Michelin continues to receive encouraging feedback while finalizing its new IMSA WeatherTech SportsCar Championship tires.
“In the time we’ve had with teams across all the classes in IMSA, a theme that we keep hearing emerge when they try our tires is that they’re very good at multitasking,” said Ken Payne, Michelin North America’s technical director for motorsports. “If you want to trail-brake in while cornering or start rolling in the throttle mid-corner to exit, apparently they’re finding our tires are pleasantly capable of doing such things.”
For Michelin’s existing teams in IMSA’s GT Le Mans category, 2019 should feel no different from recent years where the brand’s approach to tire compounds will be unchanged. Teams in Prototype, for example, will need to adjust to Michelin’s methodology, which differs from the usual grip model of soft, medium, or hard provided by other endurance racing tire manufacturers.
Michelin’s mindset targets ambient temperature ranges first — making it easier to pick a compound based on the environment faced by the tires on any given day — and once that decision has been made, teams can select the desired durability characteristics offered within that compound choice. It’s a new level of customization that extends beyond previous norms.
“It very much is in that domain of temperatures,” Payne said. “You could really characterize the one tire as a medium that is in the cooler to medium temperature range window, and then the other tire is for the higher, hotter conditions. We’ve factored in the unique characteristics of places like The Glen and CTMP in the summer months. What we’re going to have in terms of our hot tire for LMP2 is maybe a bit more of a hard hot than a medium hot that we would have, say, in GTLM.
“Our philosophy definitely is targeting tires that are intended to work in temperature ranges and pretty broad temperature ranges as well. That’s one of the changes that we may see with the slight revision for the IMSA spec tires versus the WEC tires, is that they’ll probably wind up having little bit broader functional range in terms of the temperature windows that they can work in.”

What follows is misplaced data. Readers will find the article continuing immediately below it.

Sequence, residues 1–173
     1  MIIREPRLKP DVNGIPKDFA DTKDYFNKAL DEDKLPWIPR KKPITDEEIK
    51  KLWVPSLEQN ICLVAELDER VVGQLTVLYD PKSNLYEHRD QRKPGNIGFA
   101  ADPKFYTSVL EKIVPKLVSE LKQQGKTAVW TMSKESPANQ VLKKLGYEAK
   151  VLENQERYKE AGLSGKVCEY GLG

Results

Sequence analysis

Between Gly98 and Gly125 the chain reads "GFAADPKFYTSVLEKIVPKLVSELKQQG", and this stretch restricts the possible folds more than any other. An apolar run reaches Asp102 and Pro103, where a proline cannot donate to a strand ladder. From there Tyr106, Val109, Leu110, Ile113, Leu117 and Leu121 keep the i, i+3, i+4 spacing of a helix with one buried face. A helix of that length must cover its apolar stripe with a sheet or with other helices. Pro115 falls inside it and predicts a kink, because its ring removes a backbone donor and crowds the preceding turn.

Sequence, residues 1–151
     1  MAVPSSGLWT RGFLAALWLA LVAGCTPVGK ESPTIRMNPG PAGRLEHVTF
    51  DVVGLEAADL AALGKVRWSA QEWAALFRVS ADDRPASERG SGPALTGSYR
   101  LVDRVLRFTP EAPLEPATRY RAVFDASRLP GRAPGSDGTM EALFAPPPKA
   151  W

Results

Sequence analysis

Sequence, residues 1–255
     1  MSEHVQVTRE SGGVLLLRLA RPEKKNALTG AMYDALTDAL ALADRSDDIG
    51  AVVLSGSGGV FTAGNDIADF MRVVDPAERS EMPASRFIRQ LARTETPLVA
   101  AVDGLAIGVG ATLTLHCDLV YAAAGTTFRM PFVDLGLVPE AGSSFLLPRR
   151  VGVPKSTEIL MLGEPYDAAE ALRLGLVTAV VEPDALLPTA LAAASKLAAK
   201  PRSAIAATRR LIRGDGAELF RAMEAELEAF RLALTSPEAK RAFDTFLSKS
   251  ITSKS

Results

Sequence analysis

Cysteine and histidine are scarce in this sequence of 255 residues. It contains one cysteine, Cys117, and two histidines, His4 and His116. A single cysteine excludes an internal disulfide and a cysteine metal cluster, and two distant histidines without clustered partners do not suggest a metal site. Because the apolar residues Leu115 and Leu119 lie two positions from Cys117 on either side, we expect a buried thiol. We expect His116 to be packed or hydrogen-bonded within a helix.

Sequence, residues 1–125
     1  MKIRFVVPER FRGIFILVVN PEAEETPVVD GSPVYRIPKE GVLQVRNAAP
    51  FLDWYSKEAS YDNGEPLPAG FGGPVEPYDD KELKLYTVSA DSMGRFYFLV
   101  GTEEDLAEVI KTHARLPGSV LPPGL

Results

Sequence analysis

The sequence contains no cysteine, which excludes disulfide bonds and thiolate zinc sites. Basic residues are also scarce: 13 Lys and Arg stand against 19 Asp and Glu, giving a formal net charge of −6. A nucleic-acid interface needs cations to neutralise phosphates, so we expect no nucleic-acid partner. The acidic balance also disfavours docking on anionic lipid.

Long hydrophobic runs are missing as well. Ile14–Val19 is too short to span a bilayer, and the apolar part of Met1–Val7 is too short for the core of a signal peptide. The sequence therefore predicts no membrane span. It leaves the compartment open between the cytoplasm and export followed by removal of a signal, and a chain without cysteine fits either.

Prototype teams will have plenty of time to log miles in testing at Daytona International Speedway before the new Michelin era officially begins at the Rolex 24 At Daytona in late January. With memories of repeat and worrisome high-speed tire failures during the 2018 race, Payne says he does not anticipate similar dramas with its product.
“Carcass durability or casing endurance, tire endurance in general, is a first-order consideration for Michelin no matter what the domain or track is,” he added. “The tire we’re starting with, the LMP2 tire, is quite a robust design and in fact, we will not have a Daytona-specific tire for the prototypes. Just as within GTLM today, there is not a Daytona-specific tire. But what we do is we have a very rigorous protocol to validate our tire constructions for the different tracks and load and operating conditions that we use. It starts with simulation testing.
“It goes into machine testing with very proprietary, confidential algorithms and controls to the processes of that testing. All of that is rolled into determining what the tire design should be and then into the matrix that we provide the teams of pressure and camber recommendations. I say recommendations, but actually, requirements might be a better word to use. We’re very specific in that we’ll give a team and say, ‘OK, you’re going to Daytona. If you want to run that tire for one stint, here is the different camber settings you can use, and here is the corresponding minimum hot pressure that you have to run at in order to use that camber setting.’
“We do that for all the different tracks that we operate at. That’s one of the ways that we manage those conditions at the tracks, is by giving the teams different boundaries to operate in with respect to camber and pressure settings on the cars. We [recently] had a session down at Daytona with two of the DPI teams, and it was a very productive session, and tire durability was a nonissue.”